National lottery could teach us how income improves health

December 20, 2001

Editorial: Income, health, and the National Lottery BMJ Volume 323, pp 1438-9

Most people in the United Kingdom have taken part in a world-leading, multi-billion pound trial of a major health determinant. Unfortunately, most are unaware the trial exists and no-one knows the results.

The National Lottery is a ready-made trial of increased income, suggests Anthony Rodgers in this week's Christmas issue of the BMJ. It provides a unique opportunity to understand how income improves health, especially among families living in poverty, he argues.

Evidence suggests that modest increases in income, if sustained, could lead to important health benefits. Therefore, some winners could receive regular, income-like payments (such as £40, £80, or £160 a month for a decade). Winners would then be compared to a random selection of non-winners to assess the long term effects on outcomes such as diet and smoking, and broader indicators like employment, education and even entrepreneurship.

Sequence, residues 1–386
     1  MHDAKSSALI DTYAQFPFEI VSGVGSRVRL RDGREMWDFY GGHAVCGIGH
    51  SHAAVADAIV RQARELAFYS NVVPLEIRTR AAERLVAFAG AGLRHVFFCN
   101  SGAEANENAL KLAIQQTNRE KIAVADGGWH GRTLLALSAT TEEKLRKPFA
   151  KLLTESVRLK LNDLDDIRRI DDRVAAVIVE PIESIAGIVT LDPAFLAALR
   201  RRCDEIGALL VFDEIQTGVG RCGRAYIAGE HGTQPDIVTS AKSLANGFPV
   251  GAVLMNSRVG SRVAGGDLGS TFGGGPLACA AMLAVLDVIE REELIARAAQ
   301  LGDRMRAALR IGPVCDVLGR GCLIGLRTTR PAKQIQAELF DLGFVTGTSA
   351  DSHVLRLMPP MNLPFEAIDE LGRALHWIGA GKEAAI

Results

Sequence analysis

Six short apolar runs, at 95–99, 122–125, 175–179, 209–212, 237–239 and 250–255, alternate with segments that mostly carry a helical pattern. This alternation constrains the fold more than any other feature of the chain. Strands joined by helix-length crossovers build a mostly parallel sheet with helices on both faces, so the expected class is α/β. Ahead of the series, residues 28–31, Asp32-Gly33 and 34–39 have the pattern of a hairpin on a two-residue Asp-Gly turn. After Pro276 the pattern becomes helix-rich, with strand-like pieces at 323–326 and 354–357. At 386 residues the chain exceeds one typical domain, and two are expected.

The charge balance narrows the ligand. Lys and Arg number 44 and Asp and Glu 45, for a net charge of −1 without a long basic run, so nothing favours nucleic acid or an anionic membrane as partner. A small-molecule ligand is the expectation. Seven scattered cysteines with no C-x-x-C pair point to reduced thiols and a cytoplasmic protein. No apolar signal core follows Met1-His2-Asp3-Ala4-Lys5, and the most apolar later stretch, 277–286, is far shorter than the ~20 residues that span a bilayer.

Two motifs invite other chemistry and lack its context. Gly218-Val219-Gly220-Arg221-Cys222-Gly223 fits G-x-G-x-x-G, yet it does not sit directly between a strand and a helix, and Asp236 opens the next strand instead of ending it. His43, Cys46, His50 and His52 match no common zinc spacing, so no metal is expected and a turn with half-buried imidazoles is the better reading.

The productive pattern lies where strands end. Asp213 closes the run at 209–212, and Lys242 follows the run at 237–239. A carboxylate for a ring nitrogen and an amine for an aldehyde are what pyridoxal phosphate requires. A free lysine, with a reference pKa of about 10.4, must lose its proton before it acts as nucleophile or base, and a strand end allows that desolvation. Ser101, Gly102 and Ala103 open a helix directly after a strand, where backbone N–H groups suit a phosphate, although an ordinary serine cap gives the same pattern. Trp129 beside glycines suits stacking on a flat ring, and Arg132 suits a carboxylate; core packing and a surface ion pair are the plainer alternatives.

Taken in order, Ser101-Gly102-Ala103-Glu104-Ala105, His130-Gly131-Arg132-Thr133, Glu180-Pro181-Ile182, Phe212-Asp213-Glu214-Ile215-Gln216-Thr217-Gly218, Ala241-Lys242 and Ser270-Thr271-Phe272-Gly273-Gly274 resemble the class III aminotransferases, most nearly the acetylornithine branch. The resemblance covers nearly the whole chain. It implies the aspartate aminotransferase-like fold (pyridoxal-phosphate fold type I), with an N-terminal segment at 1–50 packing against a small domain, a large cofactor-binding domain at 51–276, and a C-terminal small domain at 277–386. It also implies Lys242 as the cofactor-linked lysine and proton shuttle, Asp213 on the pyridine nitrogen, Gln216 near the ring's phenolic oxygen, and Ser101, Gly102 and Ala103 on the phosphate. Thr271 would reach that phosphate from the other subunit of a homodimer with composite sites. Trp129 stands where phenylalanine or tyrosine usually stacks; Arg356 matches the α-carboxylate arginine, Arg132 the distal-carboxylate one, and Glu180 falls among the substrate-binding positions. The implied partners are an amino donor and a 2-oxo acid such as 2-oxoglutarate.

Most people buy lottery tickets and winning is purely chance, so the study would be, in effect, a trial of income supplementation in a group drawn at random from the majority of the UK population, says the author.

If just 5% of one year's worth of prize money was redistributed in this way, more than 15,000 people could be winners for a decade. The project would be entirely self-funding. Long-term prizes are well accepted overseas, but the novelty here could revitalise sales, especially if there was a higher chance of winning and people could use non-winning normal tickets to enter. It would also fit with the government's aim to direct lottery funds more actively to health, education, and the environment, and with the move towards evidence based social policy, adds the author.

If successful, the project could be adopted elsewhere: most countries have lotteries and well over US$100bn is spent on lottery sales world wide each year, says the author. However, because it is so large and well organised the National Lottery provides the best opportunity to see how much and how quickly increased income improves health and wellbeing. It could provide uniquely valuable evidence for social policies, particularly those aiming to lift people out of poverty, he concludes.


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